5: Like question 2, this one might be hard to answer but what would be the best way to note or map out the plot-points in a novel whose plot one intends to make complex. I already keep what is called a "story bible" for the information concerning the world, but the plot has always been more of an issue for me than the lore that backgrounds the plot.


    More Specific Plot-Circled Questions:

    Well, as I begun working on the lore and world of my medieval high-fantasy I begun to think of some potential, somewhat darker and more complex plot ideas which alone seem somewhat cliched or just not good enough and was wondering if it wasn't too much to ask for help possibly expanding on these ideas -- improving them, as well, though I believe I asked this in question 4 of the previous category of questions. While answering these questions, it'd be nice if you could answer them both for the setting I specified before as well as in general, just in case I ever wish to use these in any other setting in the future -- though this is more of a request and is highly optional if you don't wish to. If you do wish to, the setting is a fictional country inspired by the Victorian/Edwardian era, not to be totally historical accurate. Most of these may not actually present a question in and of themselves, so simply assume that its asking what the best way to do that particular plot would be and, if you could think of ways to expand the ideas into one or more of the other ideas.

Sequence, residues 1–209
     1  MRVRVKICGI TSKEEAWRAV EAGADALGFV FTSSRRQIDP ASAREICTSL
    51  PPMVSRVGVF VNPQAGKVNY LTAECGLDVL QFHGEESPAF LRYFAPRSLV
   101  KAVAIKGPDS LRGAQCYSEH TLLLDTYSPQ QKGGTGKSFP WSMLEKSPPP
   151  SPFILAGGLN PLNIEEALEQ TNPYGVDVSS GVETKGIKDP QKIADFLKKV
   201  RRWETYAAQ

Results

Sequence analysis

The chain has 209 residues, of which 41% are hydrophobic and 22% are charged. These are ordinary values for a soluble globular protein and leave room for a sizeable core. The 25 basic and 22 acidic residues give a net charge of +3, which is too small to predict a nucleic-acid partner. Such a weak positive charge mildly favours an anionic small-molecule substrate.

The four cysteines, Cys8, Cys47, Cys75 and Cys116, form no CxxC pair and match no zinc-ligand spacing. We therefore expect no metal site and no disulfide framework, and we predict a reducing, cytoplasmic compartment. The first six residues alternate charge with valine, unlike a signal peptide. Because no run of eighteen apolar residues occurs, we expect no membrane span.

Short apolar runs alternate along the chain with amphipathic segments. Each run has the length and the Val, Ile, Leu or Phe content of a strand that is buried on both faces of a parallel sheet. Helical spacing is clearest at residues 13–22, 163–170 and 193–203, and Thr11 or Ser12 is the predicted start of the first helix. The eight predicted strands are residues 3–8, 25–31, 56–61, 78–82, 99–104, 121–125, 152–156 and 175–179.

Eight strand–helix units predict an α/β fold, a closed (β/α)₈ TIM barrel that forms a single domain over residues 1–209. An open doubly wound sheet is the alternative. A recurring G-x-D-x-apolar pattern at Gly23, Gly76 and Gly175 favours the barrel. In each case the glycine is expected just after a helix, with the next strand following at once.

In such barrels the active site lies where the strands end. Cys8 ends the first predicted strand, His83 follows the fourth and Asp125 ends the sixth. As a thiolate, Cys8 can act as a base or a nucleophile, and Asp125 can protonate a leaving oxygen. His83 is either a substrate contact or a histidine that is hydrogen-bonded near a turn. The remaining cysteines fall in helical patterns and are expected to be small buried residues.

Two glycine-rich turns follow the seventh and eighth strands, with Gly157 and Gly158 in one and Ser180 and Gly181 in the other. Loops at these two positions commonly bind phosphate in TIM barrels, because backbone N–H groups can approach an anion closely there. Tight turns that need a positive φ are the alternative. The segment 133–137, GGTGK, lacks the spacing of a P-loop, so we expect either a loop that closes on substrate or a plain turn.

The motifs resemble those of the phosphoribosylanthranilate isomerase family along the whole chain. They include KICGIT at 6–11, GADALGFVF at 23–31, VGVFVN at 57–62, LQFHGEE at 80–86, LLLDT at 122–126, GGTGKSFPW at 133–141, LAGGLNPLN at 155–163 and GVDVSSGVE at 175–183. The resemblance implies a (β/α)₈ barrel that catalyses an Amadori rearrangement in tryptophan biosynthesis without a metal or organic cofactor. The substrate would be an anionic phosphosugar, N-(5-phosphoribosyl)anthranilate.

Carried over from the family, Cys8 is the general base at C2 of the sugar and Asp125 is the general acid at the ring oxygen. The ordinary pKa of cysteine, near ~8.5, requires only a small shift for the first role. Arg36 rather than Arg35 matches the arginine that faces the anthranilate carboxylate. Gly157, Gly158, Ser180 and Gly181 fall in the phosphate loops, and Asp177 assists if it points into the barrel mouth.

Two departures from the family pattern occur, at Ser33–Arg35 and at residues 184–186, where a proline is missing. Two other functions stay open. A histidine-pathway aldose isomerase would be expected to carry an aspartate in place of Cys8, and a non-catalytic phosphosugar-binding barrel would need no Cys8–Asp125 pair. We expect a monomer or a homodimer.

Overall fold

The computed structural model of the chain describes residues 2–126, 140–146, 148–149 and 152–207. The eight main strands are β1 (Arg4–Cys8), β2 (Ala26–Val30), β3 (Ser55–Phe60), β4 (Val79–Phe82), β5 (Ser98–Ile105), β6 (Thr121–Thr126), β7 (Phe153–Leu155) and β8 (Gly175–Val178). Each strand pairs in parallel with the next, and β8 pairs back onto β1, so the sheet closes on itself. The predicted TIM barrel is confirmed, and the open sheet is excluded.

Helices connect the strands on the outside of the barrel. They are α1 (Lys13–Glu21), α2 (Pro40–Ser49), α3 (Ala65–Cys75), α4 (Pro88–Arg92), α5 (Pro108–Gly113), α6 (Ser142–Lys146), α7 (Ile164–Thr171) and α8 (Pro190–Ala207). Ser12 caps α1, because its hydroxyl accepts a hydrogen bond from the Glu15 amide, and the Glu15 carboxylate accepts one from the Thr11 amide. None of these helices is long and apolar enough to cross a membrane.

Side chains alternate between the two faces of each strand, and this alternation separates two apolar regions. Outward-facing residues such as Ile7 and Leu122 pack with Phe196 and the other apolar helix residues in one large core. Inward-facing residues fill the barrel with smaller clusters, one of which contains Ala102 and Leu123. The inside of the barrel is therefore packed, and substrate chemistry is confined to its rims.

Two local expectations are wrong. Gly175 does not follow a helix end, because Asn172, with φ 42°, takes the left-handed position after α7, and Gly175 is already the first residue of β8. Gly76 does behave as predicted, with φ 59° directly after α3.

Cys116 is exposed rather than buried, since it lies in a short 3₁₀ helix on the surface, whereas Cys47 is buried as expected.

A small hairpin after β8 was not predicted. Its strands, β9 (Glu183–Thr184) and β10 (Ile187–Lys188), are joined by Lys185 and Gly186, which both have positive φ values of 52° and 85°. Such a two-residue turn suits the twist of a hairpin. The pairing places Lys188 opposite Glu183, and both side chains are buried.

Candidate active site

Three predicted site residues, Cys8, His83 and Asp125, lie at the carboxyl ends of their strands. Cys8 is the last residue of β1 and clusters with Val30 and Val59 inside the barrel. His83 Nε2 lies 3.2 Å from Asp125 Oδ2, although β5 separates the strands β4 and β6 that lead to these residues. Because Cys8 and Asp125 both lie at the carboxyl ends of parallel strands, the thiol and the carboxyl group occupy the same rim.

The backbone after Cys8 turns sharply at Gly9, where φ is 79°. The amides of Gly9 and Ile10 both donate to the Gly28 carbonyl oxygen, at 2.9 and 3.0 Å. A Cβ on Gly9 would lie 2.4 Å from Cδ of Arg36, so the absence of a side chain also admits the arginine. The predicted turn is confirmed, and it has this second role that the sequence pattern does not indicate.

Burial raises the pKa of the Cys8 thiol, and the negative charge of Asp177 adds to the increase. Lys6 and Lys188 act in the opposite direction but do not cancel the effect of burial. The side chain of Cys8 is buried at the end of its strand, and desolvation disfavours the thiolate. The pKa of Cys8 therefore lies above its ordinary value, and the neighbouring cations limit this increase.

1: Done to death, I know, I know, but I oddly have somewhat of a partiality of plots that involve the cycle of life and death becoming a toy -- particularly, where one character is forced to see one they care deeply for die repeatedly (typically in highly or increasingly gruesome manners) -- or just the overall stories that involve the looping of a particular date or time to either stop or constantly witness the same, different or similar calamities each time that typically result in the degradation of the sanity of the character at the butt of this misfortune. Or, removing the calamity and having the event loop be apart of some form of motive for some character's warped mind and perspective upon reality, or it just being the best or only conceivable way to achieve their goal. The MC could be at the butt of this either willingly or no. (Think the song and the manga and light novel adaptions of the song Kagerou Daze, the "Choose Your Own Adventure" game Life is Strange, the translated PDF of the Japanese light novel series Utsuro no Hako to Zero no Maria *The Empty Box and the Zeroth Maria* or, to an extent, the 2D anime fighting game BlazBlue Continuum Shift, etc.) As such, this is one of the few plot ideas I have had and, as I have somewhat of a partiality for this kind of plot, I was attempting to think of ways to write it without it seeming cliched. Since its done to death, I imagine its hard to make it wholly original and, to what experience I have with this trope, has been done best in Utsuro no Hako to Zero no Maria. I was personally thinking that the best way to make it original is to make the entirety of the plot more complex by having that trope, while seemingly predominant in the plot, turn out to only be a small piece of much bigger happenings, which could be tied in with a hopefully extensive and immersive lore and characters whatnot, which I suppose could also be answered in the previous questions. Additionally, I think this trope could also be done originally while involving, perhaps, rather than a character the MC loves, a character the MC despises which, while more gradually, still degrades the sanity of the MC as he possibly starts to realize particular things or out of the kindness of his heart begins to think through what it must be like to be in that circumstance, or, whatever it may be(of course, this all depends on presentation, as do all tropes, as well as the personality of the MC and why he hates aforementioned character). I think this could also be done well to be, what seems like the entirety of the plot for the series but it gradually leads into a much larger world and plot, possibly a milestone for the plot that actually has a conclusion but is able to be called back to be accredited to later plotpoints, character development and the like. Though, I still am at a loss as to how to wholly go about this, however aware I am that this plot/trope, like all, can be done well through proper presentation of characters, their, as well as this plot's, relevance and other aspects of the novel.